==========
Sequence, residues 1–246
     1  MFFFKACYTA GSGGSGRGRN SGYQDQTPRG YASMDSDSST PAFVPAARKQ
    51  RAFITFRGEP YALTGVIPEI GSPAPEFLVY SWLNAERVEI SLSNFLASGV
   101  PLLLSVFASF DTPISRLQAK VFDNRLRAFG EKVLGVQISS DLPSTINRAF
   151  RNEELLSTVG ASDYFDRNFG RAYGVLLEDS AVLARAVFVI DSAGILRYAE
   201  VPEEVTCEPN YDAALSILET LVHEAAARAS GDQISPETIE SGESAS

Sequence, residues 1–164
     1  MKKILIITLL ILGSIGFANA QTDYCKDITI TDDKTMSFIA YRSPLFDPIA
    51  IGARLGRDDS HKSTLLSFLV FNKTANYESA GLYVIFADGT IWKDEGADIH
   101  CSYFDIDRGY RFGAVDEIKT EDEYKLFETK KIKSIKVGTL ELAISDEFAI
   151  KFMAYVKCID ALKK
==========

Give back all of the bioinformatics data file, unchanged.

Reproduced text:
Sequence, residues 1–246
     1  MFFFKACYTA GSGGSGRGRN SGYQDQTPRG YASMDSDSST PAFVPAARKQ
    51  RAFITFRGEP YALTGVIPEI GSPAPEFLVY SWLNAERVEI SLSNFLASGV
   101  PLLLSVFASF DTPISRLQAK VFDNRLRAFG EKVLGVQISS DLPSTINRAF
   151  RNEELLSTVG ASDYFDRNFG RAYGVLLEDS AVLARAVFVI DSAGILRYAE
   201  VPEEVTCEPN YDAALSILET LVHEAAARAS GDQISPETIE SGESAS

Sequence, residues 1–164
     1  MKKILIITLL ILGSIGFANA QTDYCKDITI TDDKTMSFIA YRSPLFDPIA
    51  IGARLGRDDS HKSTLLSFLV FNKTANYESA GLYVIFADGT IWKDEGADIH
   101  CSYFDIDRGY RFGAVDEIKT EDEYKLFETK KIKSIKVGTL ELAISDEFAI
   151  KFMAYVKCID ALKK